Hustle and Flow

Iceland. Tell me you wouldn’t do this if the opportunity availed itself…


by John Walters

Ted Cruise*

*The judges will accept almost anything on this one, from “Dick Dynasty” to “Ship Of Fools” to “Croc-of-Shit Infested Waters”

How do we get the right’s minds off the fact that President Biden has a 72% approval rating on how he’s handling the pandemic, still the most important crisis facing America? Let’s get a photo op on the Rio Grande to scare our racist and/or not-so-bright acolytes into thinking that suddenly illegal border crossings are a problem.*

*They were a problem last year and the year before that and the year before that. And if you really do believe they’re a problem, stop patronizing restaurants. Or start asking your landscaper to provide proof of residency. Or ask your local pol how come there aren’t any laws on the books promising jail time for employers who hire illegals.

In the same weekend Lindsey goes “Grahambo”, justifying his ownership of an AR-15 with the whole apocalypse in South Carolina followed by “the gang” overrunning the po po but somehow he’ll be able to take them on… as soon as he takes off his pink nightie and ushers his house boy out the back door.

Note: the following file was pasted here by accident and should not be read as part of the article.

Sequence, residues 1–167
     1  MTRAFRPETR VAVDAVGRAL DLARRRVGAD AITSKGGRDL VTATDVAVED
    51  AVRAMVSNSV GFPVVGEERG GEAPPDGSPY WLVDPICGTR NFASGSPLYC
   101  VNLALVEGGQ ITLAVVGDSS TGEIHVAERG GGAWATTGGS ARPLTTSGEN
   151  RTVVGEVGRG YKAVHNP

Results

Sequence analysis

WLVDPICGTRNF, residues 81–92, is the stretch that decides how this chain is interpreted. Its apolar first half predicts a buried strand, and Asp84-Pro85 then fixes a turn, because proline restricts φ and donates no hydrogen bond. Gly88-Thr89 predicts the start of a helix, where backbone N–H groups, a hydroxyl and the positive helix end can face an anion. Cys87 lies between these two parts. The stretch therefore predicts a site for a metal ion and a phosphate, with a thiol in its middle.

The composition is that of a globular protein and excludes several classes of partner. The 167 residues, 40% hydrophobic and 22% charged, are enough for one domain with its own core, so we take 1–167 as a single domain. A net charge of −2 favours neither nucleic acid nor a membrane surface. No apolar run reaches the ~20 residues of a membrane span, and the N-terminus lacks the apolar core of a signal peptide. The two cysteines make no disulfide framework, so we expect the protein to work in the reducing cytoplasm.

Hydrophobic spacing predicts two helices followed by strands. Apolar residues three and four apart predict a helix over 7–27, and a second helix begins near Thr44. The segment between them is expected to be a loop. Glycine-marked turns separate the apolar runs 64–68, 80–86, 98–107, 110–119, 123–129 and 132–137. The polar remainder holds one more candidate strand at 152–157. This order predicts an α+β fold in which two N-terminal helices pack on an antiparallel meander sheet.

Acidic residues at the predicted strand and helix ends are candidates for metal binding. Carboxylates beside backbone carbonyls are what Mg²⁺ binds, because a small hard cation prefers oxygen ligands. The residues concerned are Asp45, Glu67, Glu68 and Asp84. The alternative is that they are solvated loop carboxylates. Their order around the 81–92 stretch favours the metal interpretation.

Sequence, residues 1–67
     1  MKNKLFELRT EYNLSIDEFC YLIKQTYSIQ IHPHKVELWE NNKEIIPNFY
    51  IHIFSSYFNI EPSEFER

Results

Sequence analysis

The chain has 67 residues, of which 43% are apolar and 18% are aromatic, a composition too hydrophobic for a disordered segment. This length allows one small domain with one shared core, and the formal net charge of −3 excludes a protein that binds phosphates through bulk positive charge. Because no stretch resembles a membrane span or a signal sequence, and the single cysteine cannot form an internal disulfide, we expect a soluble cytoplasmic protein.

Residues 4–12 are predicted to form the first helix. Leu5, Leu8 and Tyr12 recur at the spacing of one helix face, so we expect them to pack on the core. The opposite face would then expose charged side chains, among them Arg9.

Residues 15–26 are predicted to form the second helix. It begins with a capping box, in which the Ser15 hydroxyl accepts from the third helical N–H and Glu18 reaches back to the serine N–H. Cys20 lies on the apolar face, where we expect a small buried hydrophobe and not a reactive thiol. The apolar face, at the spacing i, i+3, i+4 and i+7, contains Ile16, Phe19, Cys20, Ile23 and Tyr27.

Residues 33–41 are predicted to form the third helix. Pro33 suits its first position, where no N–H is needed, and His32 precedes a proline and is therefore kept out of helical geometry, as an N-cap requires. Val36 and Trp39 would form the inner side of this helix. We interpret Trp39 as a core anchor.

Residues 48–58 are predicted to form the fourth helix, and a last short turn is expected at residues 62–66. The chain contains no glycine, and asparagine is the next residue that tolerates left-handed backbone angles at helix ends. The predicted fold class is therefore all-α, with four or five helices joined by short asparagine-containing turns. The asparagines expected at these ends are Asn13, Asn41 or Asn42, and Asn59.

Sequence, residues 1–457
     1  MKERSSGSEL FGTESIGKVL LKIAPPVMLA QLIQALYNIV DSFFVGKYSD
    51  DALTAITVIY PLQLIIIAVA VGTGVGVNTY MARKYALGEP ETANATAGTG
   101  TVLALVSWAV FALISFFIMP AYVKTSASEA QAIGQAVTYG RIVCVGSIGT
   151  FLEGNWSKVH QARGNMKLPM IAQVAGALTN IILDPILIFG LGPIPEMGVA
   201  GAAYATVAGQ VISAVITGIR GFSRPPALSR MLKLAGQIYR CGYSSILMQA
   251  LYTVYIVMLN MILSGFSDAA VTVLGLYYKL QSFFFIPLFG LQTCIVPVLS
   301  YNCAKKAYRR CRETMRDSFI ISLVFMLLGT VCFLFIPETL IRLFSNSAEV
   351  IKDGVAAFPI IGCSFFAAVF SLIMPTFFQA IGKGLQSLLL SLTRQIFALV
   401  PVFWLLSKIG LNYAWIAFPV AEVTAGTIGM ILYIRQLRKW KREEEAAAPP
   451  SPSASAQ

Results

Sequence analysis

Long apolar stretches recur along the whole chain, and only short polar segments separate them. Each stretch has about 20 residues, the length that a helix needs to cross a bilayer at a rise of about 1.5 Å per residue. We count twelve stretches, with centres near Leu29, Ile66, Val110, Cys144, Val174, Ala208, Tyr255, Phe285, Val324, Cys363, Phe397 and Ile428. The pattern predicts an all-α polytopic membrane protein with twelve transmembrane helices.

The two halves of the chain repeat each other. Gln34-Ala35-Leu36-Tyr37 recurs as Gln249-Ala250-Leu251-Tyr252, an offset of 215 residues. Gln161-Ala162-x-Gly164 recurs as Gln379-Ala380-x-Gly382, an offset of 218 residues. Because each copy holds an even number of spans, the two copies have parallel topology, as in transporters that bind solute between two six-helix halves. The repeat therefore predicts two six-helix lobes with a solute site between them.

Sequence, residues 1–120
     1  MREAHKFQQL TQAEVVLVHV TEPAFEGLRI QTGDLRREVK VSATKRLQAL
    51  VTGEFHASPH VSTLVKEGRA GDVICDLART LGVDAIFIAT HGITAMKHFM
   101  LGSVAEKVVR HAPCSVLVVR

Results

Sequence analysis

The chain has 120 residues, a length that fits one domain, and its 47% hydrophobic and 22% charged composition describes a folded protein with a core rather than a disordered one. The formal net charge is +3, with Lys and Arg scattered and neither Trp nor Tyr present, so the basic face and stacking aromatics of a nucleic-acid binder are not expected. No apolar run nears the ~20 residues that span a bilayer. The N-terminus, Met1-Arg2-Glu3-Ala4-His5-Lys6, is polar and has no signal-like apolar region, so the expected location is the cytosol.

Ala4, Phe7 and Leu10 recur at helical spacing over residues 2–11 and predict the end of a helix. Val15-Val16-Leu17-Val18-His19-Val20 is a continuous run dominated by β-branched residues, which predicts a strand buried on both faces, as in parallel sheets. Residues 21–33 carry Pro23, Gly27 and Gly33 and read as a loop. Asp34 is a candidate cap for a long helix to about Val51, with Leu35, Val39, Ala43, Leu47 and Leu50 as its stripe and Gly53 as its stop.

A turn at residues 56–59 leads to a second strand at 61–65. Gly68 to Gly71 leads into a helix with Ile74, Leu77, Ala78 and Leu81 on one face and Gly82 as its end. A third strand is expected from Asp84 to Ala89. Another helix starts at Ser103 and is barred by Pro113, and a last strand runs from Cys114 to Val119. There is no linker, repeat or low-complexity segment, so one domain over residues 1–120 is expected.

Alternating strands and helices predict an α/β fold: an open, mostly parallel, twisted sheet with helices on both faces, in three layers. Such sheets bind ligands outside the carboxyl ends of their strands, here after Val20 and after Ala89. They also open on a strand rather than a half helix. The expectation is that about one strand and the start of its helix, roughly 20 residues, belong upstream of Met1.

Oh, and Dr. Deborah Birx concedes, Yeah, as a matter of fact, we probably did needlessly lose 400,000 American lives because I didn’t stand up to Donald Trump. So, hey, my bad.

Lowering The Boom On Boomers

As tortured and sophomoric as most of SNL‘s live sketches have been this season—when the show bothers to air, which is not much since the holidays—the pre-taped bits have been inspired and hilarious. Maybe they should go the SCTV route and do most of the show this way.

Anyway, here’s SNL tossing out truth grenades about baby boomers in the pandemic world. Every line hits, though we don’t think they needed the “Edith Puthie” part and do wonder what Melissa Villasenor’s cut part sounded like.

The more I listen to/watch this, the more I think it’s the best thing they’ve done all season.

Western Stars*

*The judges will also accept “Pacific Toast”

Gonzaga. Oregon State. UCLA. USC. Half of the Elite Eight are schools from a Pacific Coast state and only one of the schools (Michigan) is located east of the Mississippi River. There’s gotta be a way for ESPN to loan the rights to Bill Walton to CBS/Turner for tonight and tomorrow.

And yes, we prefer the Saturday-to-Tuesday setup for the Sweet Sixteen and Elite Eight games to Thursday to Sunday. The pandemic has brought many improvements.

Gonzaga’s 6’10” sophomore center Drew Timme (above) has been a monster thus far, on a team with more celebrated players. He’s gone for 30 and 22 in the 29-0 Zags’ last two wins. Gonzaga is looking to become the first team in 45 years (Indiana, 1976) to win the national championship undefeated.

The Power Of Love